Sunday, September 11, 2005

The Forest

Looking at the forest and not just the trees, many are starting to reach conclusions about the governmental response to Hurricane Katrina. The NY Times published a comprehensive overview of the response today. The article seems generally good in looking at the responses at the federal, state, and local levels describing the general confusion and lack of coordination that resulted in the disaster on top of the disaster.

Josh Marshall discusses his read:
And if I had to sum up the story it would be one of overwhelmed and often frantic local officials asking for every sort of assistance available from federal authorities, but sometimes not being completely sure precisely what they needed or the exact way to ask for it. On the other side you have the feds taking a consciously passive, reactive stance, and often displaying an oddly legalistic and bean-counterish attitude when asked for specific kinds of support.
Josh's conclusion pretty much mirrors the tone of the Times article, namely that confusion reined on all levels of government. And I suppose there's a lot of truth in this conclusion.

But I think both the Times and Josh miss an important point. The Federal government exists to deal with problems that surpass the ability of localities to manage. Whether it's defense, interstate commerce, civil rights, entitlement programs, coastal protection, international diplomacy, or indeed, disasters; the whole point of the Feds is to provide leadership and resources in instances that are beyond the ability of locals.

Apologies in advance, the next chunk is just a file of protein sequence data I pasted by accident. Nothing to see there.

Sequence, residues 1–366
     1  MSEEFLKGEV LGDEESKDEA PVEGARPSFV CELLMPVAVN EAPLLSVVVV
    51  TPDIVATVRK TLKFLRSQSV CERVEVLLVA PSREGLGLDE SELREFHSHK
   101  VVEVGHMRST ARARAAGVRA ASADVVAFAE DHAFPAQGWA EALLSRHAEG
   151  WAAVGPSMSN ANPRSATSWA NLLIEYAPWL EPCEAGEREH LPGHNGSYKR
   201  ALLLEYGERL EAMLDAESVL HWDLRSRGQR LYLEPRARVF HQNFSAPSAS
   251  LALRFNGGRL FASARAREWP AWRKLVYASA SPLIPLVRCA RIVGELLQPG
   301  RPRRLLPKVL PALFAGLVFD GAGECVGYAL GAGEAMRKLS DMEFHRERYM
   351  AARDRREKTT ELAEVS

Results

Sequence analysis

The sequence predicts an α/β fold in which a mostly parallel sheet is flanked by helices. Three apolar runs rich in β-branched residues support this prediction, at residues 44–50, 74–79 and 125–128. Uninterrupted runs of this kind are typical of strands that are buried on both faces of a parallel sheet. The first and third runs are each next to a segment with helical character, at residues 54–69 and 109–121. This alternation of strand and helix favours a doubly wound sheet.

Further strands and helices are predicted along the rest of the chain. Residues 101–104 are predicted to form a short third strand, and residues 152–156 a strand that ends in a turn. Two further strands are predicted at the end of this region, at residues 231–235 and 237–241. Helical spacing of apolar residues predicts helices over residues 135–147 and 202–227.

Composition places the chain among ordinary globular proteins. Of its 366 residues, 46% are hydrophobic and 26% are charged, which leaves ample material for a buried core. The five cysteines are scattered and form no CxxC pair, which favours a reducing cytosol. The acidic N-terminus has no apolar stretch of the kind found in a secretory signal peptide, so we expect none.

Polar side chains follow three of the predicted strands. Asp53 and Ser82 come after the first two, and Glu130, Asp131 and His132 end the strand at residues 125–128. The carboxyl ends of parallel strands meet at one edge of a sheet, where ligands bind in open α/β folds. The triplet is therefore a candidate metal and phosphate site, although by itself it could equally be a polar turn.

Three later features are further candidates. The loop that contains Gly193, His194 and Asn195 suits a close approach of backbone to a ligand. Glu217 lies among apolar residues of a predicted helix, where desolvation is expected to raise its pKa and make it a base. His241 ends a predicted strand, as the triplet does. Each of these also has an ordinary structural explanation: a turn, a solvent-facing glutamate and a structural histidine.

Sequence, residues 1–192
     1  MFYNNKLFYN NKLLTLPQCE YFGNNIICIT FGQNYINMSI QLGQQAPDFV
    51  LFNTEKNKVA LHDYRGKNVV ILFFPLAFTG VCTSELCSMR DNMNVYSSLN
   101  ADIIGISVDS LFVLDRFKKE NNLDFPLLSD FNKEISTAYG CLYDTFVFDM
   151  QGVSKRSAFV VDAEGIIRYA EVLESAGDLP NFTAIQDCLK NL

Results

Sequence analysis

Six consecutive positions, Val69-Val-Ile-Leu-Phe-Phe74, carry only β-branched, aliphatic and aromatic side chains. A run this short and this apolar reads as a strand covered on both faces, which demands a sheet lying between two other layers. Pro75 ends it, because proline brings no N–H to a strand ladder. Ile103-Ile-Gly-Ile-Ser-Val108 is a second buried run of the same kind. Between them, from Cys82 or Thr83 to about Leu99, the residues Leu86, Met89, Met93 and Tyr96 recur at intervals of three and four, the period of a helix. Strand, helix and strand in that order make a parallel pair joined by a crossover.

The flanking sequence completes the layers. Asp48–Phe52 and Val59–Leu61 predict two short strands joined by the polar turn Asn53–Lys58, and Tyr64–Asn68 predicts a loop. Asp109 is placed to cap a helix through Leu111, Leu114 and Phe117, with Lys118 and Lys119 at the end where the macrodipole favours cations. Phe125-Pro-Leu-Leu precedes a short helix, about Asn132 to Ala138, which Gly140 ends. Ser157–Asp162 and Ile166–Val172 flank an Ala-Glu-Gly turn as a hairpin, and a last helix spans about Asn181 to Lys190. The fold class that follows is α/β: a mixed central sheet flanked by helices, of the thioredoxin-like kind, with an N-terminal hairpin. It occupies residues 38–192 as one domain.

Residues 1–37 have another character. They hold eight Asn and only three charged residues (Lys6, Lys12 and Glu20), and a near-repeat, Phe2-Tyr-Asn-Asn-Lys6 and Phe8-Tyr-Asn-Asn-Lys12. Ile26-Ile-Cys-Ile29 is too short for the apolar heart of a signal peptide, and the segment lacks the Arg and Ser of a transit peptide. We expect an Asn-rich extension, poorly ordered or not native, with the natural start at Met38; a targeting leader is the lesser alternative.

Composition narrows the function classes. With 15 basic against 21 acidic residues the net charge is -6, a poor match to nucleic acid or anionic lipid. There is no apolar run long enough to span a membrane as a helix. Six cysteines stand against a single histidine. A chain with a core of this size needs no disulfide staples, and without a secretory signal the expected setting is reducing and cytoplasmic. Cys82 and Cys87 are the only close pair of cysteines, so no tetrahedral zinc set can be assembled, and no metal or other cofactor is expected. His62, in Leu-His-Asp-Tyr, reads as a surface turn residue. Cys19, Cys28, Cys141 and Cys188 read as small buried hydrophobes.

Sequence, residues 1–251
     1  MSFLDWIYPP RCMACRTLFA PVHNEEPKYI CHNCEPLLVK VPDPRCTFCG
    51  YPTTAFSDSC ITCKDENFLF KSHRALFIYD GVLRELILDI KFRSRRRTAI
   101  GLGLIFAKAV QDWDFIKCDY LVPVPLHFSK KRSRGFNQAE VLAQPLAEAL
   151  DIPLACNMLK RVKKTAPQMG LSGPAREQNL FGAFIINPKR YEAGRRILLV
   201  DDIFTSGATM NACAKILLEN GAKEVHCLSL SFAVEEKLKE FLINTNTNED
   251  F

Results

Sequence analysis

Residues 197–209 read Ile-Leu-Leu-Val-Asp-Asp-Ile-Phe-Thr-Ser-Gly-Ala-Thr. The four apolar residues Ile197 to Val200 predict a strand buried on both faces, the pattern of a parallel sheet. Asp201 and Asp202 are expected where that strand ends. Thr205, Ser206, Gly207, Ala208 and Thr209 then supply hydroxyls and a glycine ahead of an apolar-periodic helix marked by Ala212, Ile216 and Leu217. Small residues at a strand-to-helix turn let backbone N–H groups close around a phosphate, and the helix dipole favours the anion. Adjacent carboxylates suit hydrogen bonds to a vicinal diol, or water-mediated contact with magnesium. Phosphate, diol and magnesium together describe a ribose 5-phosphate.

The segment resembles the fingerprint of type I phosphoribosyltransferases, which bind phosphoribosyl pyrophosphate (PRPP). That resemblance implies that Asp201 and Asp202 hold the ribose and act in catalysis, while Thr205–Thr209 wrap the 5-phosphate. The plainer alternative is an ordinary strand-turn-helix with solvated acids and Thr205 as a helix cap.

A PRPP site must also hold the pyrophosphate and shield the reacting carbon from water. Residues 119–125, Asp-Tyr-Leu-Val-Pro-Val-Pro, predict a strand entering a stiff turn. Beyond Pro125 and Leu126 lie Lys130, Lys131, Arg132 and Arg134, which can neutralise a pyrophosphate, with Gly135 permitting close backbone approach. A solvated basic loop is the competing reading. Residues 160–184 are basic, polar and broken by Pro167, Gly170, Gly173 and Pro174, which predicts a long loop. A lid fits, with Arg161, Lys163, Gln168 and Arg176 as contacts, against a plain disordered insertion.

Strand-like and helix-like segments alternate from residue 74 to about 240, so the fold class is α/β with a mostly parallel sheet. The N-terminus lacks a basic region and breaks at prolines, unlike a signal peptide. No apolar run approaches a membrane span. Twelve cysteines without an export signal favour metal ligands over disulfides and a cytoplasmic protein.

It seems to me that a hurricane qualifies as more than a local event. Yes, localities are certainly involved in implementing evacuation/rescue/relief efforts. But given the scope and nature of the event, it seems to me that a hurricane is a classic example of where the Federal government should be at it's best.

As we all know, that didn't happen with Katrina. Those who do the analysis of this disaster need to resist the temptation to "even-handedly" assign the blame. It seems at times that we give more value to the "even-handed" analysis (particularly in these divisive times), even if it's inaccurate. And doing so will hamstring our ability to actually fix a problem. Of course, the Bush administration will do all it can to impede this effort because as Jon Stewart put it, "if you don't like the blame game it is usually because you're to blame".

Bush ran his 2004 campaign on strong leadership in a crisis. This was a national crisis. And strong leadership is EXACTLY what was missing. Case closed. It's really just that simple. Perhaps the failure occurred because of the implementation of Grover Norquists "drown it in the bathtub" strategy, incompetence, or more likely it's both. Either way, the American people have come face to face with what it would be like to not have a Federal presence in a huge disaster.

Is this what we want?


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